I’m preparing to run a very small Japanese whiskey tasting, and it only now occurs to me that I have to cut off a bunch of whiskeys from the entirety of my Japanese collection (most of my tastings max out at 6-7 different bottles, carefully organized so as to experience and compare across varietals). It’s hard because I want to showcase lovely examples of the nation’s whiskey while, at the same time, exposing my guests to a range of distilleries and the sheer variety of styles that are available. I can almost certainly predict this means some of my Nikka bottles will need to be excluded, as well as at least one of Suntory’s, though it should mean that I ultimately showcase 5-6 different distilleries and the different characteristics of each.
Elizabeth Lopatto, in January 2018 for The Verge, writes:
The Move goal is adjustable — I can lower it at any time — but there’s no way to program the Watch to consistently honor my rest days. I just have to manually lower the goal for that day, and then raise it for the next one. Unfortunately, this requires too much of my attention. I have actual things to do that are more important than manually telling my fitness app to let me rest, so mostly I forget to do it until it’s too late. Even when I remember, I wind up with a different problem: I forget to reset the Watch to a higher Move goal the next day. I spent one week being psyched that I hit my goal only to discover that I had only hit the lowered goal.
It’s two years later, and several versions of WatchOS have come and gone, with another is forthcoming. And yet Apple hasn’t fixed this very common and very basic problem with their wearable line of products.
Apple has repeatedly stated that it recognizes that the Apple Watch is a super popular device for fitness tracking, and I can attest that it’s about the best wearable that’s currently on the market. But when the world’s richest company can’t even get the basics of their product right it raises questions about what it’s really focusing on, and why; pushing people to exercise each day, and forego rest days, is harmful to health and fitness alike. Sadly, it doesn’t look like the current Watch betas fix this problem, though maybe Apple will surprise people with some extra promise when they reveal their new devices in the coming days.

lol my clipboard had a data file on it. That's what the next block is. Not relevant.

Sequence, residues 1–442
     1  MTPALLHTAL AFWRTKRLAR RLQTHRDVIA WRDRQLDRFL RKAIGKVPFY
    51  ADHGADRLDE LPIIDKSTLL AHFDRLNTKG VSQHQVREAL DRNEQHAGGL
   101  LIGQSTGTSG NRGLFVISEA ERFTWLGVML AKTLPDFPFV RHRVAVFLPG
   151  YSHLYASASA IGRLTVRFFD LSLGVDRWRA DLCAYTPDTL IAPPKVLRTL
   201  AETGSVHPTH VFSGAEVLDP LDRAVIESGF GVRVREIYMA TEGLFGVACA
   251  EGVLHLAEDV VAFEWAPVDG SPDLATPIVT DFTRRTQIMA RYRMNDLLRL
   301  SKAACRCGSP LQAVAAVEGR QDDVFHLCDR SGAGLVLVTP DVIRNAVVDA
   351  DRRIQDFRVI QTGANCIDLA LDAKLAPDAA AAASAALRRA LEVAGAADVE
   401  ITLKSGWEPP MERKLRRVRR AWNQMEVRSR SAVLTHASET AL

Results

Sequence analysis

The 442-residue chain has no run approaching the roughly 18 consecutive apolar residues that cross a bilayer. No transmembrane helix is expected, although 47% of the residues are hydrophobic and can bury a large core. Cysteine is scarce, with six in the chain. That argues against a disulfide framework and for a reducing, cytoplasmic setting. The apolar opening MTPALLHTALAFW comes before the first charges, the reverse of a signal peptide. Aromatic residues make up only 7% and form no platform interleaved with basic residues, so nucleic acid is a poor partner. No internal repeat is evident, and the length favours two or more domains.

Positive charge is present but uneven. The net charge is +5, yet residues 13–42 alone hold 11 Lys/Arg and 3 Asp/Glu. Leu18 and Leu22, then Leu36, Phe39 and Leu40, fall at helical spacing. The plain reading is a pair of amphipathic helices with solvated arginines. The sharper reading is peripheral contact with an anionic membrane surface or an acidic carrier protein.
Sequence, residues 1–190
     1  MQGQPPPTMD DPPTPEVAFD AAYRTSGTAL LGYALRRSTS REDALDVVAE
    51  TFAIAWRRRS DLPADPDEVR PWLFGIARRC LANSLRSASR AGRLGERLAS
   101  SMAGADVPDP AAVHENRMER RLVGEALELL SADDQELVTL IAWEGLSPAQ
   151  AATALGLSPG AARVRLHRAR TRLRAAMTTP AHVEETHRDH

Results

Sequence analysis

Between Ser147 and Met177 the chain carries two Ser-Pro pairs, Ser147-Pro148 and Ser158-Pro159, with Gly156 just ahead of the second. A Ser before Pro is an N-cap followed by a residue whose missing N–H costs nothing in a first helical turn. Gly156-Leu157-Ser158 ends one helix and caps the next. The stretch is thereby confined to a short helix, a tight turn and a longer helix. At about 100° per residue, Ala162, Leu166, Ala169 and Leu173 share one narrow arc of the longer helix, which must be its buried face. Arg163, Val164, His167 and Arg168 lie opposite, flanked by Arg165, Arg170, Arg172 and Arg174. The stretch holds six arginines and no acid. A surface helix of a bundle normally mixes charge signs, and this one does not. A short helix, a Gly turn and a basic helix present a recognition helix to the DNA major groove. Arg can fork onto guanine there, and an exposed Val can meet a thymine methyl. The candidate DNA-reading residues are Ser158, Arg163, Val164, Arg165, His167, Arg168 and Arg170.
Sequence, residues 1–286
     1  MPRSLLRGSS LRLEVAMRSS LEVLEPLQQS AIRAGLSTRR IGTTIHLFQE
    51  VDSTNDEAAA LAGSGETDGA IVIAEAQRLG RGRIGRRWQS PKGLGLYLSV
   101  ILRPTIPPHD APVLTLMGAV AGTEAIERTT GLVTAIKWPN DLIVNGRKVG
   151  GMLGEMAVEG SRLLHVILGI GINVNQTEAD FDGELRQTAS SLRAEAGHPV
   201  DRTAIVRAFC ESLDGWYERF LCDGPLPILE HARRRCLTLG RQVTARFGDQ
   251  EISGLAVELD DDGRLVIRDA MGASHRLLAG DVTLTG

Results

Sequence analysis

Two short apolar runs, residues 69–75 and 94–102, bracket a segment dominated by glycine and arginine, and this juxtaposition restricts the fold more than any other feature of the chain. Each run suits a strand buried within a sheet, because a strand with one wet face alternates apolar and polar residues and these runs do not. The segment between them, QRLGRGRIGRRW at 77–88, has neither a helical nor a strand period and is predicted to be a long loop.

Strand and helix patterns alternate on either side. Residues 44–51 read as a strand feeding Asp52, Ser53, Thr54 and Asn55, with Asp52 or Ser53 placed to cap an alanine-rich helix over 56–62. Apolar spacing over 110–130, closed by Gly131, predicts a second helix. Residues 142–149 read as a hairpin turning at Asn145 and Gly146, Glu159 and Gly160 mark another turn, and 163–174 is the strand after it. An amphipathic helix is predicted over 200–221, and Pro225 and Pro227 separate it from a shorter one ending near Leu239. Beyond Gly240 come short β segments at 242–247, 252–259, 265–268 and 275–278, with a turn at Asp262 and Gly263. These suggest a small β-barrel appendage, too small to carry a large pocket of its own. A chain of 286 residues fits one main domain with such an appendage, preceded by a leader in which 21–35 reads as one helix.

I have the privilege of working at a place where remote work has been a fact of life for some of our employees and fellows, whereas the bulk of us have worked out of a beautiful workspace. Obviously, the pandemic has forced everyone out of the office and into their homes and, with that, has come a forced realization that its important to get a lot better at handling remote work situations.
For the past few months I’ve been trying to collect and read resources to ensure that remote-based work, works. To date the most helpful resources have definitely been the huge set of resources that Doist has published, and their ‘book’ on leading distributed work forces in particular, as well as some of the publications by Steph Yiu based on her own remote work experiences at Atomattic. I’m also slowly working through some of the work that’s come out of Basecamp, and I’m keen to dig into Remote: Office Not Required over the fall.
Some of the most valuable stuff I’ve picked up has been around re-thinking which communications systems make sense, and which don’t, and how to develop or maintain a team culture with new and old colleagues. And some of these things are really basic: when someone joins an organization, as an example, rather than just saying ‘hi’ or ‘welcome!’ over chat, all members of a team can instead state who they are, their position, some of their areas of responsibility, and one or two personal things. By providing more information the new team members start to get a feeling for what the rest of their team does and, through the personal attributes, a sense of who they are working with.
Given that many of us are likely to be working from our homes for the foreseeable future—and some of us permanently, even after the pandemic—it seems important for employers, managers, and employees alike to think through what they want to change, and how, so that we can not just enjoy the fact that we’re still employed but, also, that we’re working in ways that provide dignity and respect, and which are designed to best help us succeed in our jobs. We’re all 5-6+ months into the pandemic and we should be very seriously asking what kind of world we want to inhabit both throughout the rest of the pandemic, as well as afterwards, and we can’t keep saying that things are ‘unprecedented’ to excuse not trying to make our work environments better suited to the current and future realities we’re within.